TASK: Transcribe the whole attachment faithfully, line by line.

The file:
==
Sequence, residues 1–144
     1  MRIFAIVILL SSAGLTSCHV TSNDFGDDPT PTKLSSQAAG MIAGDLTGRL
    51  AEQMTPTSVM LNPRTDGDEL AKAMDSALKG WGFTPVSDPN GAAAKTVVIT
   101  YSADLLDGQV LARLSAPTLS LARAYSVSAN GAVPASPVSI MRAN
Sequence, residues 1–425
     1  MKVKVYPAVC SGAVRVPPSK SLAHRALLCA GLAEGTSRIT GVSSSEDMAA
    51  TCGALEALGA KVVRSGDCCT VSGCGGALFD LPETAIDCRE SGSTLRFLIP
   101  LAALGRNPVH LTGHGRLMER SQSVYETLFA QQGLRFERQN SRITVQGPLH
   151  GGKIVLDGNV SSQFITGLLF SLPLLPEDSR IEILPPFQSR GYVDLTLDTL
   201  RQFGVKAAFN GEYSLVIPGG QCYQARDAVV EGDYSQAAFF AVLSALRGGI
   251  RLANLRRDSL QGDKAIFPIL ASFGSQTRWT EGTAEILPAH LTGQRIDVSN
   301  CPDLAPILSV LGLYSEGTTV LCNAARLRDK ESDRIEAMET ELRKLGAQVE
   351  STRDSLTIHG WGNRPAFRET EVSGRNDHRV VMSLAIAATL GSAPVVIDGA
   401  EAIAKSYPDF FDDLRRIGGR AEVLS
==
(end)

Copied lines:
Sequence, residues 1–144
     1  MRIFAIVILL SSAGLTSCHV TSNDFGDDPT PTKLSSQAAG MIAGDLTGRL
    51  AEQMTPTSVM LNPRTDGDEL AKAMDSALKG WGFTPVSDPN GAAAKTVVIT
   101  YSADLLDGQV LARLSAPTLS LARAYSVSAN GAVPASPVSI MRAN
Sequence, residues 1–425
     1  MKVKVYPAVC SGAVRVPPSK SLAHRALLCA GLAEGTSRIT GVSSSEDMAA
    51  TCGALEALGA KVVRSGDCCT VSGCGGALFD LPETAIDCRE SGSTLRFLIP
   101  LAALGRNPVH LTGHGRLMER SQSVYETLFA QQGLRFERQN SRITVQGPLH
   151  GGKIVLDGNV SSQFITGLLF SLPLLPEDSR IEILPPFQSR GYVDLTLDTL
   201  RQFGVKAAFN GEYSLVIPGG QCYQARDAVV EGDYSQAAFF AVLSALRGGI
   251  RLANLRRDSL QGDKAIFPIL ASFGSQTRWT EGTAEILPAH LTGQRIDVSN
   301  CPDLAPILSV LGLYSEGTTV LCNAARLRDK ESDRIEAMET ELRKLGAQVE
   351  STRDSLTIHG WGNRPAFRET EVSGRNDHRV VMSLAIAATL GSAPVVIDGA
   401  EAIAKSYPDF FDDLRRIGGR AEVLS